“Counselling for families was weakened by the 2014 Family Law reforms. The thesis also shows that early identification of alienation is crucial to nip it in the bud before too much damage is done. This requires appropriate assessment by experienced experts at an early stage. Other jurisdictions have specific systems in place to deal with alienation. We do not have the resources for such processes in New Zealand at present,” says Professor Henaghan

Professor Henaghan believes these early interventions could allow reunification processes to be put in place, and he notes the thesis makes a clear distinction between alienation and justified estrangement such as when a parent has been abusive to a child.

ends

© Scoop Media

 
 
 
Parliament Headlines | Politics Headlines | Regional Headlines

Crowdsale And Crowdfunding Campaign: Help Create The Future Of Independent News

Two weeks to go! The Scoop 3.0 plan aims to create NZ’s first community-owned, distributed news and media intelligence ecosystem in 2019. We believe this ScoopPro media monetisation approach can be scaled and spread globally to support local and independent news efforts in regional New Zealand and around the world.

Scoop is an ecosystem, it would not exist without those who contribute to it, read it and rely on it for professional media purposes. Generous past support from this ecosystem has enabled us to come this far in developing our business model. Support our PledgeMe Campaign>>

 

14/11: Two Years’ Progress Since The Kaikoura Earthquake

Mayor John Leggett said it was a day for reflection, but also a time to recognise the work by many people to support progress towards recovery made across Marlborough since November 2016. More>>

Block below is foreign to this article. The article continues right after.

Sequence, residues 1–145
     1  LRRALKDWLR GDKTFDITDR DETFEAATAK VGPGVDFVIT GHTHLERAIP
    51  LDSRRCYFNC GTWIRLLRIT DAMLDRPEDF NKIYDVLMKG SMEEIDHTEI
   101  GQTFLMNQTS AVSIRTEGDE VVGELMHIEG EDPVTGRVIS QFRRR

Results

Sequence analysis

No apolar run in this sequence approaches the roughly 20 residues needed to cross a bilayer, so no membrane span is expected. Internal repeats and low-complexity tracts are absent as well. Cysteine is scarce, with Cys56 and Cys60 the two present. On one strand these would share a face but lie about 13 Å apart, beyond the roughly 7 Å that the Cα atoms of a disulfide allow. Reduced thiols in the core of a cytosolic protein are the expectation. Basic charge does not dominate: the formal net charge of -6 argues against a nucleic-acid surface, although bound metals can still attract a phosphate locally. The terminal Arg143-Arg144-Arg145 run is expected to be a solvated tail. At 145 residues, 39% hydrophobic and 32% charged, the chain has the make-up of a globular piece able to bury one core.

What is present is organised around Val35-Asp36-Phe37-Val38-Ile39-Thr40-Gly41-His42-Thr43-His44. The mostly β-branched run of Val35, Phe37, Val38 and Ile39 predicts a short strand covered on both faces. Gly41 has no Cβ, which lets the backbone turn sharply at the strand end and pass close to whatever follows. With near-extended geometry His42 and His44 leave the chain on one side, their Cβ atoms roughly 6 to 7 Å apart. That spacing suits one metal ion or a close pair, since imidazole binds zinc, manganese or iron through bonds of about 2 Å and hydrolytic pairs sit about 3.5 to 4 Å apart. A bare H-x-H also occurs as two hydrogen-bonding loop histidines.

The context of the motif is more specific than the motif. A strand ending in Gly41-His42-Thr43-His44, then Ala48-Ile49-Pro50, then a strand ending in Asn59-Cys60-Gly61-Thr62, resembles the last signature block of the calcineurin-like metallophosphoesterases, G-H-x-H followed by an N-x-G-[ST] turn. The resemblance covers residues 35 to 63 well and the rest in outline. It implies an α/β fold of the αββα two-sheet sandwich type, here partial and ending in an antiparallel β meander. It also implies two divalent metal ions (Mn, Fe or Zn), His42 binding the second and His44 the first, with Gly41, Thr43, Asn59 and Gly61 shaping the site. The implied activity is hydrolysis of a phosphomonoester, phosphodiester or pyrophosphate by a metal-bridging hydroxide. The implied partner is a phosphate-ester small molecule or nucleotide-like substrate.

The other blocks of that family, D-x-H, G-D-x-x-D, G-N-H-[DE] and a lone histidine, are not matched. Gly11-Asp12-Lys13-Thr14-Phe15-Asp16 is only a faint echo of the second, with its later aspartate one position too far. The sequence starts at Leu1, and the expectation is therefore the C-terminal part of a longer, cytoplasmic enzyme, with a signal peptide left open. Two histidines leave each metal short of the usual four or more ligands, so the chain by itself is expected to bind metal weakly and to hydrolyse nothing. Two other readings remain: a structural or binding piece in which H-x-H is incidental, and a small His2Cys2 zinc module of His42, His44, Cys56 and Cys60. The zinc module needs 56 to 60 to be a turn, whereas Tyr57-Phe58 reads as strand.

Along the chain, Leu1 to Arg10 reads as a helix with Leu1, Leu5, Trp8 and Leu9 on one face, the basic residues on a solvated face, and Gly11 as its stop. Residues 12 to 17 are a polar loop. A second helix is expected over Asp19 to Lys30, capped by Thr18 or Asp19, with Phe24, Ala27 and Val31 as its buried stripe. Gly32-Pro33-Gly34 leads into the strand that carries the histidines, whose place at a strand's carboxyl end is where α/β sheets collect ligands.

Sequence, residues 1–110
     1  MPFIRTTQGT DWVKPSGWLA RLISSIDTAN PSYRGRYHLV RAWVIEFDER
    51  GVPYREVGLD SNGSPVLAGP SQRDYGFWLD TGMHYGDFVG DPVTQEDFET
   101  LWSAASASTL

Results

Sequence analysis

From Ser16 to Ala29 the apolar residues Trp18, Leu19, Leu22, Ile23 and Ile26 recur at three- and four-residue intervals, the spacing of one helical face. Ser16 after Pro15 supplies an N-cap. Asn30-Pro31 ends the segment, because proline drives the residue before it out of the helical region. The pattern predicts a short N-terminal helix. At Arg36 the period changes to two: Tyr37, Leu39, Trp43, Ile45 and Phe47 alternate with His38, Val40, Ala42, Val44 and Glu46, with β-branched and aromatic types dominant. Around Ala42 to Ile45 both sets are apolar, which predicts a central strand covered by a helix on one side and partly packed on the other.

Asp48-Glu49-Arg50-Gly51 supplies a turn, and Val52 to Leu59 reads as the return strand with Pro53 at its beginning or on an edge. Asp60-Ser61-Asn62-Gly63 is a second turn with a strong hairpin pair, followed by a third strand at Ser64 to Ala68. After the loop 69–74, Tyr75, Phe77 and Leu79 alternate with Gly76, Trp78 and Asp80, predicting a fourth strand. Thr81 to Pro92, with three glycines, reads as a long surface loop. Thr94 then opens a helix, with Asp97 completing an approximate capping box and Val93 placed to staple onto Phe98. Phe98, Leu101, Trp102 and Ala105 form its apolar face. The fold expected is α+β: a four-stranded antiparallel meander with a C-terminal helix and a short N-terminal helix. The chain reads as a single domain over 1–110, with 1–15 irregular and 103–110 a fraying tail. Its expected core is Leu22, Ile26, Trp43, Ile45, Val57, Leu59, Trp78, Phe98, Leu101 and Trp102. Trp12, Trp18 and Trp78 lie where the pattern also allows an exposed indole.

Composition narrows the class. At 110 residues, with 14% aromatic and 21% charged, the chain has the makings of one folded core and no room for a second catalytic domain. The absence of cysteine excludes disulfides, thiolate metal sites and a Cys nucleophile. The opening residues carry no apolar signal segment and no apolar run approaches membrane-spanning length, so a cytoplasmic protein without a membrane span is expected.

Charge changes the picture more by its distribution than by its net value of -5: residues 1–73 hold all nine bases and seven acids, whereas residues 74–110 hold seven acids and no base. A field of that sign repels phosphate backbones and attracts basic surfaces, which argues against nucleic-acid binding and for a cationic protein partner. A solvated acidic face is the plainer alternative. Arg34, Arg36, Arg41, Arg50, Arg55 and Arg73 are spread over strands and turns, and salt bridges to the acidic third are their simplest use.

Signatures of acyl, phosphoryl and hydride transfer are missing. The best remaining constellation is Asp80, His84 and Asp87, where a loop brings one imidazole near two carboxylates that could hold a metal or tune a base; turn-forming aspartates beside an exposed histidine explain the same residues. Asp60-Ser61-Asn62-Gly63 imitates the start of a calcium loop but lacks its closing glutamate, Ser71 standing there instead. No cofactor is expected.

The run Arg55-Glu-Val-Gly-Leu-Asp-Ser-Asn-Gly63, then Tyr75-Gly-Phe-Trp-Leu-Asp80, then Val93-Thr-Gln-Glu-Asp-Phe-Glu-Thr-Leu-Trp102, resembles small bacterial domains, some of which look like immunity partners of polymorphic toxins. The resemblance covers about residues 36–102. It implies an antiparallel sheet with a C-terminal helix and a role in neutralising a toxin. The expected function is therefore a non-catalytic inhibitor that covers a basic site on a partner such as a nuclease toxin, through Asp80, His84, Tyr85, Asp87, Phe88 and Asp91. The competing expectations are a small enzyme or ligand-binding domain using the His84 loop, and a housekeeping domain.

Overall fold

ALSO:

Pike River: Mine Drift Re-Entry Plan To Proceed

“I’ve decided the Te Kāhui Whakamana Rua Tekau Mā Iwa - Pike River Recovery Agency, recommended course of action to enter the drift, using the existing access tunnel, is by far the safest option,” said Andrew Little. More>>

ALSO:

Appointments: New High Commissioner To Australia Announced

“Dame Annette King needs no introduction given her long running career as a parliamentarian where she has previously held a number senior Cabinet portfolios, including Justice, Police and Health. She also was Parliament’s longest serving female MP with 30 years’ service,” said Mr Peters. More>>

ALSO:

Two Years Since Kaikoura: Silvia Cartwright To Lead Inquiry Into EQC

“The inquiry will be the first of its kind under the Public Inquiries Act 2013 and will have all the powers of a Royal Commission, be independent of Government and make its report directly to the Governor-General. More>>

ALSO:

Gordon Campbell: On The Royal Commission Into Child Abuse

Obviously, it is good news that the coalition government has broadened the scope of its Royal Commission into the abuse of children, beyond its previous focus on children in state care. More>>

ALSO:

Cases Delayed: Court Staff Refuse To Handle Sentencing Papers

Dozens of court cases have reportedly been delayed, as court staff escalate industrial action at two Auckland courts by enforcing a ban on handling sentencing papers. More>>

ALSO:

Education: Primary Teachers Rolling Strikes

RNZ Report: More than 100,000 primary school students in Auckland will be home from school today as teachers and principals walk off the job for the second time this year. It's the start of a week of rolling one-day strikes around the country, after the collapse of contract negotiations last Thursday. More>>

ALSO:

"Process Was Sound": Inquiry Into Haumaha Appointment Released

The Inquiry’s purpose was to examine, identify, and report on the adequacy of the process that led to the appointment. It found the process was sound and no available relevant information was omitted. More>>

ALSO:

 
 
 
 
 

LATEST HEADLINES

  • PARLIAMENT
  • POLITICS
  • REGIONAL
 
 

InfoPages News Channels